My father called and left a message early in the morning to inform me that he “passed on.” I hate that terminology. It feels like a vacuous attempt to put a pretty spin on death, as if it were a bad cold or an inconvenience. I would rather sink my teeth into the fatality of the moment. Dead is just dead…nothing light or fluffy about it.
Sometimes death is accompanied by sweet relief, if pain or suffering is involved. But not this time. It was sudden. A post-surgical infection turned into a fiasco and suddenly poof, death is knocking at the door. Maybe it would be easier if my uncle was close to the Lord, or if I felt confidant in his eternal salvation. But that's just the thing…I don't, and it's eating me up inside.
My uncle was an avowed atheist, determined to live a life apart from God. If he passed on, as my dad suggested, then I can't fathom where he went, nor do I really want to consider the implications. The big “H” word seems so extreme. And ultimately, so final.
My husband reminded me that God is not limited by our boundaries, that even in a comatose state, my uncle might choose, like the criminal on the cross next to Christ, to turn in a different direction.
This whole idea of someone deliberately choosing an eternal life apart from God has my insides in a tangled turmoil. Free choice notwithstanding, I wish things were different. I can understand when people run from God, keep a distance and live far from him. In this paradigm, there is an acknowledgement of God's presence coexisting with a willful defiance. But the atheist denies God altogether. It is a much bigger animal than the proverbial prodigal child running from his father.
My uncle was a brilliant man. A professor of anthropology at an esteemed college, an author, a thinker and a contributor to the world of academia. Our conversations were thrilling, and even as a child, I remember probing his mind and uncovering a virtual cornucopia of modern discourse. During my formative years and later as a college student, he challenged me to dive into the greats — Foucault, Nietzsche, Heidegger — to push my brain to maximus exhaustiveness. To ponder, to ruminate, to brood over thoughts and relentlessly search for truth.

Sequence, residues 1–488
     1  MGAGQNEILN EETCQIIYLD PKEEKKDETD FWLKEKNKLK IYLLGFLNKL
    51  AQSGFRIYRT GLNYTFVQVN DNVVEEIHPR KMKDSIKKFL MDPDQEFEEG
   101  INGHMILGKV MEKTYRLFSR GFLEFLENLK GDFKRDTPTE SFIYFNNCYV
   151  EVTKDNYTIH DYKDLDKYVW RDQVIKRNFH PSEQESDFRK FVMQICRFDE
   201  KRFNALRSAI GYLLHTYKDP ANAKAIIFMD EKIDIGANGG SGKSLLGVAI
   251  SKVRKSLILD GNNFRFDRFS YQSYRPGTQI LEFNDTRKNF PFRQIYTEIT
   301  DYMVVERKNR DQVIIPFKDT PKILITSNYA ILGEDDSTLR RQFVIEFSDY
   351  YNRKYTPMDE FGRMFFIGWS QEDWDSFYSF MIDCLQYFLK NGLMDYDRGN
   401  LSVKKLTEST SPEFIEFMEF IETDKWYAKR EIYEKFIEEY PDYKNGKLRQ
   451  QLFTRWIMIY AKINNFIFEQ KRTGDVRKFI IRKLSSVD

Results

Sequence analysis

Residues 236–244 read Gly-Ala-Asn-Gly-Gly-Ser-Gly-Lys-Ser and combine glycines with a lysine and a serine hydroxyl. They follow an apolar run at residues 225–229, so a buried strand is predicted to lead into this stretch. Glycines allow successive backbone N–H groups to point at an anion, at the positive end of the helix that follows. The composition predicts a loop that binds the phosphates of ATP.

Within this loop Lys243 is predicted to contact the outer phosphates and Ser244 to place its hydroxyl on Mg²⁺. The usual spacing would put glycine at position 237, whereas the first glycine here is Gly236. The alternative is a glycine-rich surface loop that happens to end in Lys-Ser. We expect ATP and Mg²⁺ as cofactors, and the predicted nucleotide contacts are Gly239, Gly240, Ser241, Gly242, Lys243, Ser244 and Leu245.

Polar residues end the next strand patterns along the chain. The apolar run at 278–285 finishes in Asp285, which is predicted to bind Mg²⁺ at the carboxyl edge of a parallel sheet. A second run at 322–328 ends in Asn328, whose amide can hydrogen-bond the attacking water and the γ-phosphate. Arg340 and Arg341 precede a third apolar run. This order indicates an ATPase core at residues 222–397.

But my post-modern studies led me down a different path than the road he traveled. In the absence of absolute truth, in an exhaustive vacuum of subjectivity, my heart longed for something more meaningful than a personal experience to hold onto. As my studies led me further and further away from God, my heart was conversely drawn to Him.
Something in my spirit cried out for more and strangely enough it was my own personal experience with Christ that filled the void. Ironically, “witnessing in a post-modern world” has become material for seminary training, when in all reality, Christ's light only shines brighter in the hopelessness that shrouds this train of thought.
I loved my uncle. I will miss him at Thanksgiving. I will miss his liberal extremism. His loud laugh. His passion for life. His crazy stories about aliens. And on some level, I can thank him for leading me to Christ in a weird roundabout way.
My eyes leak when I think about him.
The sting of death is this…watching someone you love die apart from Christ.